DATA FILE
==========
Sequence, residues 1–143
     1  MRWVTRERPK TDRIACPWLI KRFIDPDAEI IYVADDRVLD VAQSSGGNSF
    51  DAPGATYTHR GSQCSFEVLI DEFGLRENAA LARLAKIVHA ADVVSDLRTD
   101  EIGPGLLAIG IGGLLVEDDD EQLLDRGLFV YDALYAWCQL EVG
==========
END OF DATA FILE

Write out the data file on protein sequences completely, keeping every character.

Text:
Sequence, residues 1–143
     1  MRWVTRERPK TDRIACPWLI KRFIDPDAEI IYVADDRVLD VAQSSGGNSF
    51  DAPGATYTHR GSQCSFEVLI DEFGLRENAA LARLAKIVHA ADVVSDLRTD
   101  EIGPGLLAIG IGGLLVEDDD EQLLDRGLFV YDALYAWCQL EVG